- Their largest and most complex application is a 20-year-old monolith with over 10,000 classes and 8 million lines of code (LoC).
- After spending nearly 2 years internally trying to wrap their arms around this enormous and business critical application, the team was frustrated with the lack of progress.
- Outside help was needed so that their development organization could focus more on their core capabilities and accelerate innovation.
Lack of Success Clouding the Future
- Several years of intensive project strategy sessions with both internal and external teams achieved limited results and refactoring was still not within scope. Without a solution to automatically and intelligently extrapolate and organize the application into something understandable and actionable, the company was in a tough position.
- They needed to ensure their future application architecture was architected to work in a complementary way to take advantage of cloud native services.
- This meant refactoring, which is extremely difficult and time-consuming for humans, but made much easier with automation, AI and data science: enter vFunction.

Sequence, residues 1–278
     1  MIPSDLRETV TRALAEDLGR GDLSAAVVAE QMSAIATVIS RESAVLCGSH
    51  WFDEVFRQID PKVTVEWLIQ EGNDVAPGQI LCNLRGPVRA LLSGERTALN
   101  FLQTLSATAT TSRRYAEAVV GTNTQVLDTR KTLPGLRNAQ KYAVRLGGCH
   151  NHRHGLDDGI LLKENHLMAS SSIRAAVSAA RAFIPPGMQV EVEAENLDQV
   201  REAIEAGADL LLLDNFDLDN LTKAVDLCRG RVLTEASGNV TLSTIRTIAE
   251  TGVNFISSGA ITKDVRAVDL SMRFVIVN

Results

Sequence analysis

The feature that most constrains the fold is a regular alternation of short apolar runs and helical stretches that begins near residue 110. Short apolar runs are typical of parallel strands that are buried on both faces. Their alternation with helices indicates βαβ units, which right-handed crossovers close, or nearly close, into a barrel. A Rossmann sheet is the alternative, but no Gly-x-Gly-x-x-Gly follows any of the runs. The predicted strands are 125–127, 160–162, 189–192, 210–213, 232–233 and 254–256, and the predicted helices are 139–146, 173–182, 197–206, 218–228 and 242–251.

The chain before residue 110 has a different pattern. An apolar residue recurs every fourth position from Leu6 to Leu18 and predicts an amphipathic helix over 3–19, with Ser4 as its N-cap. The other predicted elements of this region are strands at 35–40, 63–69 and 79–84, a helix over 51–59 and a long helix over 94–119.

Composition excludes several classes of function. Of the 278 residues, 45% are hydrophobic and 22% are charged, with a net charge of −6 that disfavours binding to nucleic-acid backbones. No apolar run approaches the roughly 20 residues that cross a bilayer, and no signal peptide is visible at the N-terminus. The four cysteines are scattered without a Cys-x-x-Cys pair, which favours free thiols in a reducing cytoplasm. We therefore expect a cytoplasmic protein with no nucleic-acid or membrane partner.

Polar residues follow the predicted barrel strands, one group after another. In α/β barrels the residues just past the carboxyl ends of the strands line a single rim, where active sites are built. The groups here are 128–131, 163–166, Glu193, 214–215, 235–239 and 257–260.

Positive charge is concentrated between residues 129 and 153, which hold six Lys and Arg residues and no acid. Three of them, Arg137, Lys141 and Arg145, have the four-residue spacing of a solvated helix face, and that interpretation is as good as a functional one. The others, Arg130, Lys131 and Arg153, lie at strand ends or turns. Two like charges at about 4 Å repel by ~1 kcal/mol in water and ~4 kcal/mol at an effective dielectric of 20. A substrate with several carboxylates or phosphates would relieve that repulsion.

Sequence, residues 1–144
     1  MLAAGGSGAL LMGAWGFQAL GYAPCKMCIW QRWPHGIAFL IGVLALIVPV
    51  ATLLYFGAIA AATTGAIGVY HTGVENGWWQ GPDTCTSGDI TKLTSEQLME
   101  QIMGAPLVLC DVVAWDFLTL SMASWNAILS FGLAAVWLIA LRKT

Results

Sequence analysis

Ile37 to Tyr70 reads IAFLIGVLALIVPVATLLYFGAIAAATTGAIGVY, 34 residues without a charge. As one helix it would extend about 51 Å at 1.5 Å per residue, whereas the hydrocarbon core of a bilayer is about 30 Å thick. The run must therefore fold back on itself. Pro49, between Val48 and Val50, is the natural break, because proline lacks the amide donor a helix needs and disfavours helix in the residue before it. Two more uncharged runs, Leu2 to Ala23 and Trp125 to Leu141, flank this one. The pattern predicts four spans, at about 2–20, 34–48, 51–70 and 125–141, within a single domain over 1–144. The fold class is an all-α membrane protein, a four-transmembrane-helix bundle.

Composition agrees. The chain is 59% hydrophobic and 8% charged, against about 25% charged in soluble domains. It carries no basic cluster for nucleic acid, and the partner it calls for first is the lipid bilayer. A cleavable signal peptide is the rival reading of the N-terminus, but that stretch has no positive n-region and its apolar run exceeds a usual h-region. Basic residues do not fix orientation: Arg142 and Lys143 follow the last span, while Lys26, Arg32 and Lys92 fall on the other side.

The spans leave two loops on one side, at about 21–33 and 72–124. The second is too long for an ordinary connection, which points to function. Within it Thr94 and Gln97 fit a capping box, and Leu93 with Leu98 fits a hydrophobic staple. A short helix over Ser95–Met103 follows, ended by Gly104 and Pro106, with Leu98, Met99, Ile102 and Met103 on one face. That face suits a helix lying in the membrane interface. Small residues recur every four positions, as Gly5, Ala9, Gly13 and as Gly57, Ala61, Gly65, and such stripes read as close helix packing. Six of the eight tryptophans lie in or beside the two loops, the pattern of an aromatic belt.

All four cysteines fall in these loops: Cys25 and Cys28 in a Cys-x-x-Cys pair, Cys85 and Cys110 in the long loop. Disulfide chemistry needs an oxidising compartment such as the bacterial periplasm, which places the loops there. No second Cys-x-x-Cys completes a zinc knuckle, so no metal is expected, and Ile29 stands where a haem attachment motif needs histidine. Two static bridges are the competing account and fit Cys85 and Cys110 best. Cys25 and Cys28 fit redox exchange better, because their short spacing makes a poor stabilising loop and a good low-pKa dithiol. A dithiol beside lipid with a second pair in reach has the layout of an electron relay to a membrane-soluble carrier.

The Solution with vFunction
Automated Complexity Analysis
- vFunction provided a multi-phase approach to automate the analysis of the company’s legacy Java applications, assessing the complexity of selected apps to determine readiness for modernization.
- First, the vFunction agent was installed to observe and learn the business domain-driven application flows, in the pre-production environment.
- This included deep tracking of call stacks, memory, and object behaviors from actual user activity, events and tests.
- This analysis, which synthesized dynamic learning with directed static code inspection of the binaries, ensured complete coverage of all app flows and enabled to prioritize & plan modernization in the most comprehensive manner.
AI and Data Science
- Using patented methods of static analysis, dynamic analysis, and dead code detection, plus data science and AI, vFunction helped them prioritize which applications to modernize first.